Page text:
If you should ever need to administer a local FEP client through CLI you’re going to need to make use of MpCmdRun.exe. This program can be found in the “C:\Program Files\Microsoft Security Client\Antimalware” directory. MpCmdRun has several important functions; in this post we’ll be discussing some of the more useful options.
First there is the “–Scan” option, this could be useful if you’re troubleshooting a system that is not allowing you access to the FEP client GUI. You’ll also need to enter a parameter for which type of scan you would like to have the client perform:
1. Quick scan
2. Full system scan
3. Single file custom scan
Next, we’ll take a look at the –RemoveDefinitions option. Although Microsoft has never put out a bad definition, if you should ever need to roll back to a previous FEP definition, using the command MpCmdrun –RemoveDefinitions, would be the way to do it. This would force the client to roll back to the previous version of its defs. FEP actually stores up to 3 previous versions of its definition files.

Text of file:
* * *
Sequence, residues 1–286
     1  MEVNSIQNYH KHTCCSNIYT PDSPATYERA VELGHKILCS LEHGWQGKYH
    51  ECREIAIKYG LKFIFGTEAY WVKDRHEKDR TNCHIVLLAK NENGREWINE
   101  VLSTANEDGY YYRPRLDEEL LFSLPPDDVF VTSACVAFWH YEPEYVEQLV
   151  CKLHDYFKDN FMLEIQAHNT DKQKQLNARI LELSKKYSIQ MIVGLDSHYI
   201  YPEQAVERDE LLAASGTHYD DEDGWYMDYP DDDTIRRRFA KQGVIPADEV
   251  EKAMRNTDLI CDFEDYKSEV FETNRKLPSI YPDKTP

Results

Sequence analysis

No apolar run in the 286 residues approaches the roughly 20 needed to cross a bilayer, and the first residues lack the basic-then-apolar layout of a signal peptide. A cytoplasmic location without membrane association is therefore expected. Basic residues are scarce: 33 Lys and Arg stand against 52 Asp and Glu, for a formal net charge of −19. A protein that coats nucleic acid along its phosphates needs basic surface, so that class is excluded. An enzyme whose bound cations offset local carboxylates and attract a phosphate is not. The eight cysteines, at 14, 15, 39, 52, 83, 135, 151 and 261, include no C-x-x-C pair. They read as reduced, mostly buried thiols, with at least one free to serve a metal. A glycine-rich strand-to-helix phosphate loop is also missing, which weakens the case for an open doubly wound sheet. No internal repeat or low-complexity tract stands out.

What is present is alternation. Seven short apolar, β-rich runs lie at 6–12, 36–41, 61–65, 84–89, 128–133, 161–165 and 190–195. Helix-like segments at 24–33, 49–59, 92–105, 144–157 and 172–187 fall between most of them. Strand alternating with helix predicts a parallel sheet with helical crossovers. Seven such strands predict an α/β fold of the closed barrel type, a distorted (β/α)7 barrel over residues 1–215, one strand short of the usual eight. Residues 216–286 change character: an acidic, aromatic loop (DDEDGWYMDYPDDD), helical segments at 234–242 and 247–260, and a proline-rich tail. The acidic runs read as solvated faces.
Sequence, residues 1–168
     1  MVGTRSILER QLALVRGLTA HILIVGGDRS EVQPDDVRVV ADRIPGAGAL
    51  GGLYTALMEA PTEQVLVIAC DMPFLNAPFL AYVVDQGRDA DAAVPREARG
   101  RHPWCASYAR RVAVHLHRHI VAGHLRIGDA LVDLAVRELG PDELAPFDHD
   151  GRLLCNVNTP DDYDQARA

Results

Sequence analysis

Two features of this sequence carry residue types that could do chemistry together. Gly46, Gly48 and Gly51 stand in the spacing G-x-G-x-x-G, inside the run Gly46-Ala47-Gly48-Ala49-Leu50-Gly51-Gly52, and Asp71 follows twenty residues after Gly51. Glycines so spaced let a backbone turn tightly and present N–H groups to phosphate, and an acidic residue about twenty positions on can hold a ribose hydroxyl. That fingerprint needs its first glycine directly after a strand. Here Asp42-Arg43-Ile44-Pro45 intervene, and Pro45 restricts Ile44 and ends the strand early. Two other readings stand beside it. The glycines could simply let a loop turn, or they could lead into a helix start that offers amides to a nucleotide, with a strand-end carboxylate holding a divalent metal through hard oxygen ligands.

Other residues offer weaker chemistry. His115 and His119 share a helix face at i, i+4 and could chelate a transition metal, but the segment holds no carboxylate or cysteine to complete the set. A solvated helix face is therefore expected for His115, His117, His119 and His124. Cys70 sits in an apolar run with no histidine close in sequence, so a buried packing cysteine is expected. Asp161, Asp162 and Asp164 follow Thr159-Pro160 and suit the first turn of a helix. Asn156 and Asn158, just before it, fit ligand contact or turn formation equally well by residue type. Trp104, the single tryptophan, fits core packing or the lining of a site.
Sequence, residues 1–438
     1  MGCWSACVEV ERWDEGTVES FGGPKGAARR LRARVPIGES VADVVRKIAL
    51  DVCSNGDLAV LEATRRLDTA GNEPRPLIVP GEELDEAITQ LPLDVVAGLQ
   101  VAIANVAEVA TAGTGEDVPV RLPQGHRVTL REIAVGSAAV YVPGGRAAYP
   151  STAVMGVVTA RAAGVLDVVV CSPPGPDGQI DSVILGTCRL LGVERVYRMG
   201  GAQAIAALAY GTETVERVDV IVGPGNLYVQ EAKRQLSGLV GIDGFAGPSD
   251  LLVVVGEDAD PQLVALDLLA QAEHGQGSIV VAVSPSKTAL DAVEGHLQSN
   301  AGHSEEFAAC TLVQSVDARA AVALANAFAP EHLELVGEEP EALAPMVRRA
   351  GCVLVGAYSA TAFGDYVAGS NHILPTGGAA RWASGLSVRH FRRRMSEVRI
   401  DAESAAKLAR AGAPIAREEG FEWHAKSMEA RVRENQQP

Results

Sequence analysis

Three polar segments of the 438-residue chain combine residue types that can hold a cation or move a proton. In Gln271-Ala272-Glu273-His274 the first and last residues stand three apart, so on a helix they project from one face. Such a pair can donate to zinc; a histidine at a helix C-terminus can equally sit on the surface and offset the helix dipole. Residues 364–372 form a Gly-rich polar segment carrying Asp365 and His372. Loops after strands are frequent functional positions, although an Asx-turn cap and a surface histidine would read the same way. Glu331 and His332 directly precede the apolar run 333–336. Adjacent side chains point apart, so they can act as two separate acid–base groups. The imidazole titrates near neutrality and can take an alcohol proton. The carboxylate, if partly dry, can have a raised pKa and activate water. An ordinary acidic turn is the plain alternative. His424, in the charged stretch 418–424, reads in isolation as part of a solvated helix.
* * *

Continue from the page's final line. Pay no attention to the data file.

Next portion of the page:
Lastly, I’ll discuss SignatureUpdate. This option not only gives you the ability to force a definition update from the command line, it could also let you define where the client will pull the update from. This could be very useful in a situation where your SUP or WSUS site has gone down and you want to ensure your clients are still updating without having to make a change to your FEP policies. To instruct the client to pull from a UNC file share use the [-UNC] switch, or to have a client pull a def over the web from the Microsoft Malware Protection Center use the [-MMPC] switch. If you needed to, you could easily create a script or batch file to make use the –SignatureUpdate option.
For a full list of all the options that MpCmdRun can utilize enter “MpCmdRun.exe ?” in your CMD window.